Home Top Stories Simone Biles leads U.S. women’s gymnastics team to world gold after teammate’s injury

Simone Biles leads U.S. women’s gymnastics team to world gold after teammate’s injury

Simone Biles leads U.S. women’s gymnastics team to world gold after teammate’s injury


Simone Biles led the U.S. women’s gymnastics team to another team gold medal at the 2023 Artistic Gymnastics World Championships in Antwerp, Belgium, on Wednesday.

This win marks the seventh consecutive world championship victory for the U.S. team and the 26th world medal for Biles.

The competition started on a tough note for Team USA, with Joscelyn Roberson, who trains alongside Biles at World Champions Centre in Spring, Texas, sustaining an injury in warmups and being carried off the podium before the first rotation. Roberson appeared to land at a low angle while warming up a difficult vault called the “Cheng,” which Biles also performs.

Her teammate, Leanne Wong, was substituted in for Roberson on vault and floor. Wong was initially planning to compete only one event – the balance beam – and delivered clutch routines in Roberson’s place on extremely short notice.

Despite competing with only four gymnasts instead of five, the U.S. team finished over two points ahead of the silver medal-winning team, Brazil. This marks the first world team medal for Brazil, led by reigning world champion, Rebeca Andrade. The team from France claimed the bronze for their first team medal since 1950.

Shilese Jones, the 2022 world all-around silver medalist, started Team USA off with a strong double-twisting Yurchenko on vault. Wong performed the same vault after a very brief warm up, cementing her spot on the team as a reliable athlete in a pinch. Biles did not compete her new Yurchenko double pike vault, but opted for a Cheng – the same vault Roberson fell on in warm ups – and scored a 14.800.

After a stellar bars rotation for Team USA, Wong fell off the balance beam, incurring a full point deduction. The routine scored a brutal 11.700, but hit routines from Jones and Biles kept them in first place going into the fourth and final rotation.

Biles anchored the team’s effort on floor, solidifying their win with an enormous 15.166.

The team from Great Britain, who entered the team final as the silver medal favorites, counted three falls in a performance that took them off the podium. The other teams in medal contention – Brazil and China – had falls on beam and floor respectively, opening the door for France to contend for a medal. They were the only team with no falls today.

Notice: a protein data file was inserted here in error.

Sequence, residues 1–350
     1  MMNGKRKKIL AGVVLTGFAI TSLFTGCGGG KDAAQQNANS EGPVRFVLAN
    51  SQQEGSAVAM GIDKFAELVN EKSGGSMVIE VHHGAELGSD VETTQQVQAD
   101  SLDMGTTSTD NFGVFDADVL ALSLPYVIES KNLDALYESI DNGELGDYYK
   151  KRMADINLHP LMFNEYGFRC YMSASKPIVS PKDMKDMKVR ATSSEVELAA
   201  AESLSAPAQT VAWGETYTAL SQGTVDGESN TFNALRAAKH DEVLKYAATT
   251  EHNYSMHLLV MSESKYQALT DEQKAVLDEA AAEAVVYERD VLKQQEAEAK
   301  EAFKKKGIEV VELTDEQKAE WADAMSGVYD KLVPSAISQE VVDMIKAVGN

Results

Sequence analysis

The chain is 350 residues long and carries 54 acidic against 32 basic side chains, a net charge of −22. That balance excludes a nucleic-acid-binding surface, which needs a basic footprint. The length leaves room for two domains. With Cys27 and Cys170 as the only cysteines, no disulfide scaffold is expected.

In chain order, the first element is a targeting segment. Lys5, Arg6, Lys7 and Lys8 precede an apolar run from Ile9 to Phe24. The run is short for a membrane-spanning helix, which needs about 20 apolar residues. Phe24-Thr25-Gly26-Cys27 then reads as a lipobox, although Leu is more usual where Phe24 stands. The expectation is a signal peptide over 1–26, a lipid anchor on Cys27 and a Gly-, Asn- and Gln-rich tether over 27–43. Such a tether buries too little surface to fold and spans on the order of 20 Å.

“Nobody wants these medals,” NBC commentator and 2008 Olympic silver medalist, Samantha Peszek, joked on the Peacock broadcast.

The team win came after the U.S. women dominated the qualification round, with two athletes qualifying for every final. Biles qualified in first place for the all-around, vault, floor and balance beam finals and in fifth place for the uneven bars final, which is considered to be her “weakest” event.

Biles will be joined by Jones in the all-around, floor, uneven bars and balance beam finals. Roberson qualified to the vault final as well, but the status of her injury has yet to be announced.

The reigning Olympic champion in the team competition, Russia, was banned from competing at the world championships for the second consecutive year because of the ongoing war in Ukraine. This was the final opportunity to qualify a team to the 2024 Olympics, and the Russian team’s absence here makes it ineligible to compete in Paris as of now.

In the qualification round Sunday, Biles became the first woman to land a new vault, the Yurchenko double pike, successfully getting the skill named after her in the code of points. It has been awarded a difficulty score of 6.4 — the highest of any vault in women’s gymnastics — and will be called the “Biles II,” as it is her second original skill on the apparatus.

These championships are being held in the same city and same venue where Biles made her international debut and won her first world title 10 years ago at age 16. The qualification round Sunday marked her return to international competition after struggling with the “twisties” and pulling out of multiple events at the Tokyo Olympics in 2021.

“I think we have to be a little bit more cautious about the way we do things,” she said in a recent interview with NBC’s “TODAY” show. “Everything that we’re doing leading up to [Paris 2024] is very intentional. We’ve kind of been playing it on the down-low this time, making sure mentally and physically are both intact.”

Biles took a two year hiatus from the sport, during which she married NFL player Jonathan Owens and focused on “being intentional, going to therapy, and making sure everything is aligned so that [she] can do [her] best in the gym, be a good wife, good daughter, good friend, all the good things.”

The all-around final, in which Biles and Jones will compete for individual all-around medals, will be broadcast live on Peacock on Oct. 6. The individual apparatus finals for vault and uneven bars are scheduled for Oct. 7 and balance beam and floor finals are scheduled for the final day of competition Oct. 8.


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